Psoriasis is a complex condition. In addition to causing itchy and dry patches on your skin, it can affect your emotional health.

The symptoms of psoriasis can be physically uncomfortable and prevent you from doing things you enjoy. Stigma surrounding the condition may also make you feel isolated and reduce your self-esteem.

Because of this, people who have psoriasis are at a higher risk for certain mental health conditions, including depression. Find out how psoriasis and depression are related, and when and how to seek help.

A 2010 study showed there’s a definite increased risk for depression among people with psoriasis compared to the general population.

Depression that occurs alongside psoriasis is known as a comorbidity. This means that both conditions are chronic and affect one another in direct ways.

In the same study, researchers found that having a psoriasis diagnosis increases the risk of a diagnosis of depression by at least 11.5 percent. If you have severe psoriasis, that risk jumps to 25 percent.

Since many people may be living with undiagnosed psoriasis or depression, the actual connection may be even higher.

In addition, psoriasis is typically first diagnosed between the ages of 15 and 25. During adolescence, depression occurs at higher rates — even in people without psoriasis. So, younger people with psoriasis may be at an increased risk of developing depression.

The appearance of psoriasis plaques can have a direct impact on your self-esteem. You may be especially self-conscious if your psoriasis tends to flare-up in areas that you can’t cover, like your face or your hands.

While you can treat flare-ups, you may not be able to prevent them from happening completely. Certain triggers may unpredictably lead to psoriasis symptoms. This can make you feel like you have no control over your body. Over time, this can take a psychological toll.

Many people still hold negative or false impressions about psoriasis. Living with this kind of stigma can be exhausting, and cause some people with psoriasis to feel ashamed of their appearance.

While more people are talking openly about their psoriasis than ever before, including some prominent celebrities, there’s still a lot of work to do. Talking openly about psoriasis is one of the best ways to reduce stigma surrounding the condition.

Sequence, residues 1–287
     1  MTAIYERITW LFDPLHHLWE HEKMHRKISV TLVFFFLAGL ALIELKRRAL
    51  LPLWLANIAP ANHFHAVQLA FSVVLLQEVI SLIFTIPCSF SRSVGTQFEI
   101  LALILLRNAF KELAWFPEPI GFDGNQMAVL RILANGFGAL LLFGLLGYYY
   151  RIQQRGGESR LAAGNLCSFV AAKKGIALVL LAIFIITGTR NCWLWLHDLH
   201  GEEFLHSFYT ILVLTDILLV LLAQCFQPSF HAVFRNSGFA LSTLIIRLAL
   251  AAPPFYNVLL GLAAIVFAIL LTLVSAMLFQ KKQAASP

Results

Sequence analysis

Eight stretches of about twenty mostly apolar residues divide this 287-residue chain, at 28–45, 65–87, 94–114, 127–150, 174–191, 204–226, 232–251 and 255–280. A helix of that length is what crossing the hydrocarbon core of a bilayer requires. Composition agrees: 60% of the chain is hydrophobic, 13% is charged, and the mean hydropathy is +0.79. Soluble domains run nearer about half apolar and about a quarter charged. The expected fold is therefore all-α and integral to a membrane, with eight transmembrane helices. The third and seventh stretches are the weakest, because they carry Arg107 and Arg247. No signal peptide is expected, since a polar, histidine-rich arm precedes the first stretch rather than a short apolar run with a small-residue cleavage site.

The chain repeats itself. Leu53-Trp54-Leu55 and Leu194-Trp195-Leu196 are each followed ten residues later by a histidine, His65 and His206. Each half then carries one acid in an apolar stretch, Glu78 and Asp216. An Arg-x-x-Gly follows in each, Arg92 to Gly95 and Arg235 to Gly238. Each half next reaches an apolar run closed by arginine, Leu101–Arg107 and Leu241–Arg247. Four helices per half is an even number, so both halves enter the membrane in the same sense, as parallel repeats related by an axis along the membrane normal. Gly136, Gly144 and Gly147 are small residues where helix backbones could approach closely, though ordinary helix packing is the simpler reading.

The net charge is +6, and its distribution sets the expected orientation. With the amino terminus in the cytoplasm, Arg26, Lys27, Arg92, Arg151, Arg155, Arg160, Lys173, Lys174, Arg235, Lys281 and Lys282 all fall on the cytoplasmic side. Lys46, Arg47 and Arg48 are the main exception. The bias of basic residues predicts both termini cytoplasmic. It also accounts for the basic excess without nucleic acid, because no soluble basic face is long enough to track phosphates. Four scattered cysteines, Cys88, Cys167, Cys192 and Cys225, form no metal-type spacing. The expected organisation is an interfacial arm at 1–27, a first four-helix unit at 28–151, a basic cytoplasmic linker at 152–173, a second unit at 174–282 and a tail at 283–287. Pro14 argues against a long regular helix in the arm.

People who have psoriasis may feel limited when it comes to physical activity. Living with daily discomfort and symptoms that you may find embarrassing can lead you to avoid sexual intimacy or spending time with others.

In fact, a 2018 study showed that over 60 percent of people with psoriasis may experience some form of sexual dysfunction.

Additionally, an older study from 2007 indicated that at least 80 percent of people with psoriasis experience decreased productivity at work, at home, or at school due to their diagnosis.

To avoid psoriasis outbreaks, you may be told to avoid certain triggers. Some examples include smoking, stress, alcohol consumption, excess sun, and certain foods.

Following a stricter routine and cutting out some of your favorite foods indefinitely can reduce your quality of life. This may increase your risk for depression.

There may be a biological reason why psoriasis and depression are linked: inflammation. In a 2017 review, researchers wrote that mental health conditions can be caused by psoriasis, and they can also lead to psoriasis worsening. This suggests that there’s overlap between the biological causes of psoriasis and conditions like depression.

The researchers concluded that cytokines, which are small protein cells in your body that can trigger inflammation, may be linked to both psoriasis and depression symptoms.

Everyone experiences depression differently. You may have several symptoms or only a few. Some common symptoms include:

  • irritability
  • exhaustion or fatigue
  • difficulty sleeping or insomnia
  • changes in appetite
  • loss of interest in sex or sexual dysfunction
  • weight loss or weight gain
  • feelings of incompetence and worthlessness
  • intrusive or suicidal thoughts
  • inability to feel joy in activities that used to bring you pleasure
  • intense sadness
  • frequent crying
  • headaches
  • unexplained body pain or muscle cramps

If you’re experiencing any of these symptoms, see your doctor or a mental health professional, such as a psychiatrist. They can evaluate and treat symptoms that are affecting your life negatively. You may be asked to fill out a questionnaire to evaluate your thought patterns and behaviors.

If you’re experiencing suicidal or intrusive thoughts, call the National Suicide Prevention Lifeline at 800-273-8255. You can also call the United Way Helpline to help you find a therapist at 800-233-4357.

Researchers are learning more about how to treat psoriasis in people who have depression. Changing the way you manage your psoriasis might improve your mental health.

Some recent studies indicate that switching to biologic medications that target inflammation can help with symptoms of psoriasis and depression. But these studies were limited due to the various different depression screening tools used. It’s also unknown if improvements to depression were from the medications or due to psoriasis symptoms improving.

More research is necessary to know if biologic medications are the answer for people who have depression and psoriasis.

Talk to your doctor to see if a change to your treatment plan can help. Finding the right medication to improve your psoriasis symptoms may in turn help with depression. If you continue to find easier ways to manage your symptoms, your depression may begin to feel more manageable.

There’s a definite link between psoriasis and depression. If you have psoriasis and believe you may also have depression, speak to your doctor about your treatment options. Changing the way you treat your psoriasis may improve your depression symptoms, too.